SAN ANTONIO, Texas — The energy industry is heading for a major shortage of skilled workers within a decade, an expert told members of the American Fuel and Petrochemical Manufacturers at its annual meeting here Tuesday.
There are about 4.5 million to 5 million skilled trade workers in the oil and gas industry in North America, and that’s down about a million from the mid 2000s, said Daniel Lumma, senior vice president of Kiewit Oil, Gas and Chemical North America in Houston.
Another “scary statistic,” he said, is that in 10 years, about half of the industry’s skilled trades workers will have retired.
All this is occurring as mega projects are underway or are on the drawing board.
Lumma cited Lake Charles, La., where planned projects include major gas-to-liquids facilities and perhaps five liquefied natural gas projects.
“If all of those projects happen, the peak workforce would have to multiply five to six times above what it is right now,” he said. “The fact is, that’s not going to happen.
“We’re heading into a very, very significant demographic issue.”
Many of planned mega projects will shift to North America because of the boom in shale drilling and the development of major petrochemical projects, and that will exacerbate the worker shortage, Lumma said.
One solution to the problem, he said, is involving key participants in a project from the earliest phases. Early planning is essential from all parties, including contractors, to ensure that the number of workers will be sufficient by the time the project’s employment is at its peak.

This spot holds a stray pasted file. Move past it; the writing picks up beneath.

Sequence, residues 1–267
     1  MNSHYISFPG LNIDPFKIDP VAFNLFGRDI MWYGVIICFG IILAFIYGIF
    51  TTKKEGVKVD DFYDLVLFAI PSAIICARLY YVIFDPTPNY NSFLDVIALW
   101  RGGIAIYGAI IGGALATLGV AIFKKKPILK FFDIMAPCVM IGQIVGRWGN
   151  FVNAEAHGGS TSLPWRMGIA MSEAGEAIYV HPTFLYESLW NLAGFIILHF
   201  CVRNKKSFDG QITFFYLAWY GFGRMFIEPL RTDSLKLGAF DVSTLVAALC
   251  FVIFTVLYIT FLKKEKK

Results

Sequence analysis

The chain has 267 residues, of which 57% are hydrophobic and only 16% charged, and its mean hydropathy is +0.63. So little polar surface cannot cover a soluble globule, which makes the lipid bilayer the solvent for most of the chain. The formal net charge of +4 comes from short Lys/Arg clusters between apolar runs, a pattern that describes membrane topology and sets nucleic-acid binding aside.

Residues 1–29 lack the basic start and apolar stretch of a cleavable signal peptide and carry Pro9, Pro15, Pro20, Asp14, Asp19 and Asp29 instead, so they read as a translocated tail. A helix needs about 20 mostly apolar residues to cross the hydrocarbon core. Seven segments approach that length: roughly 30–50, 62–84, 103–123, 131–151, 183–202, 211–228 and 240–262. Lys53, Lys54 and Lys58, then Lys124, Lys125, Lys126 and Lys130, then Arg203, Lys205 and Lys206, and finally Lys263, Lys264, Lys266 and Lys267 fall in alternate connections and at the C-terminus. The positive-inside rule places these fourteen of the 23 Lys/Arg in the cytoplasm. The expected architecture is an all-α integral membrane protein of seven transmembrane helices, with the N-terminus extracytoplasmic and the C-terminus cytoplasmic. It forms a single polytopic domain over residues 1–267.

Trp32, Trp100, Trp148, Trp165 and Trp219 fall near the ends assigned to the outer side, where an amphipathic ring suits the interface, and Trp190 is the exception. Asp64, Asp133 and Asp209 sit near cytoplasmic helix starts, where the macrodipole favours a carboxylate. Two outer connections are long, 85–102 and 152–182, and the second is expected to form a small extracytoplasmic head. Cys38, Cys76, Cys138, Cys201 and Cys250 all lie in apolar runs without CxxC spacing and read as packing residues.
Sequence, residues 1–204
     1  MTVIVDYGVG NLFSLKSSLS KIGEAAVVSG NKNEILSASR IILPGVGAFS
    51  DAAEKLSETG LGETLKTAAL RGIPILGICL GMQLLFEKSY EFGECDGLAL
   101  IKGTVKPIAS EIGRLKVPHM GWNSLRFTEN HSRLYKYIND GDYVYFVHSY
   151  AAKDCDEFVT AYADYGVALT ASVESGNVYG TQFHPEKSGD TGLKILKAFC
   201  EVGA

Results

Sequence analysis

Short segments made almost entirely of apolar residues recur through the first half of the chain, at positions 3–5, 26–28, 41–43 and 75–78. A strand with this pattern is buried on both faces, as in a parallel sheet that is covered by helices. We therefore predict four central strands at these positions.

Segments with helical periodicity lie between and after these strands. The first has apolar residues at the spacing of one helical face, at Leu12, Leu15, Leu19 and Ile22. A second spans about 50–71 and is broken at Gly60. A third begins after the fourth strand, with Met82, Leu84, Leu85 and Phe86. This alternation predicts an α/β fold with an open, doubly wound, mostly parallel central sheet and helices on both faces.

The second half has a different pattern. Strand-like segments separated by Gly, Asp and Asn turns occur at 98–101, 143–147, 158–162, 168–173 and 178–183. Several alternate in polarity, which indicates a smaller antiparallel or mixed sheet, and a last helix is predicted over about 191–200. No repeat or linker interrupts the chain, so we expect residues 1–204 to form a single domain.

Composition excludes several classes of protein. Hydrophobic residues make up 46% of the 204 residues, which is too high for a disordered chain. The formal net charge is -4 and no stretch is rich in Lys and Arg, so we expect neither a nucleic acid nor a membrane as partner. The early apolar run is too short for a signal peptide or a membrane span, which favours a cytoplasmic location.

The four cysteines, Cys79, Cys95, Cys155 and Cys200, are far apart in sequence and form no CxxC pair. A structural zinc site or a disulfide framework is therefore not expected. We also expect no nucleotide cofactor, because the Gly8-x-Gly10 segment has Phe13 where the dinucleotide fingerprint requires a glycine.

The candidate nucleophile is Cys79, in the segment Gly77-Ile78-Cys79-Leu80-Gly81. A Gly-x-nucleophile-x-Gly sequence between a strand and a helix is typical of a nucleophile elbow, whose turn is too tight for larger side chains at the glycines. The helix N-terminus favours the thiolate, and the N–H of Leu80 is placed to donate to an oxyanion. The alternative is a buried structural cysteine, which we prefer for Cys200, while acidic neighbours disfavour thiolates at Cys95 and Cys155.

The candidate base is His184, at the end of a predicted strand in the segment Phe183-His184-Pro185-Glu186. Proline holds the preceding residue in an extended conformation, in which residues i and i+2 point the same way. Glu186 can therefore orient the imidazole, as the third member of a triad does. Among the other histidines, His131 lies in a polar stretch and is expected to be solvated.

It also helps to get involved with local union halls, as unions can help with recruiting and training, he said.
In non-union areas, energy employers may have to set up skills training. And he suggested that oil and gas companies consider hiring veterans.
At the meeting at the Marriott Rivercenter, Lumma was just one of dozens of experts who spoke on technical issues and industry trends.
Neil Earnest, president of Addison-based consulting firm Muse, Stancil & Co., discussed pipeline access — or the lack of it — for North American crude oil.
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The prospect for crude oil supply from Western Canada “is astonishing,” Earnest said.
“In terms of scale, you can’t go anywhere else in the world to find this level of production.” And that’s on top of sizeable increases in U.S. crude oil production.
Pipelines get built to transport crude from where it’s abundant to where refineries are.
“But the historical reality is that the great bulk of crude oil was transported from western Canada into the Midwest and from West Texas up to the mid-continent and to the Gulf Coast,” he said.
However, “many of these pipelines start in the wrong place now or go to the wrong place now — or both,” Earnest said. “As a consequence, we’re in the midst of a transportation reconfiguration of North American crude oil transportation.”
Some planned pipelines would transport crude from West Texas and the mid-continent to the Gulf Coast, and more crude from western Canada and the Midwest to the Gulf Coast, he said.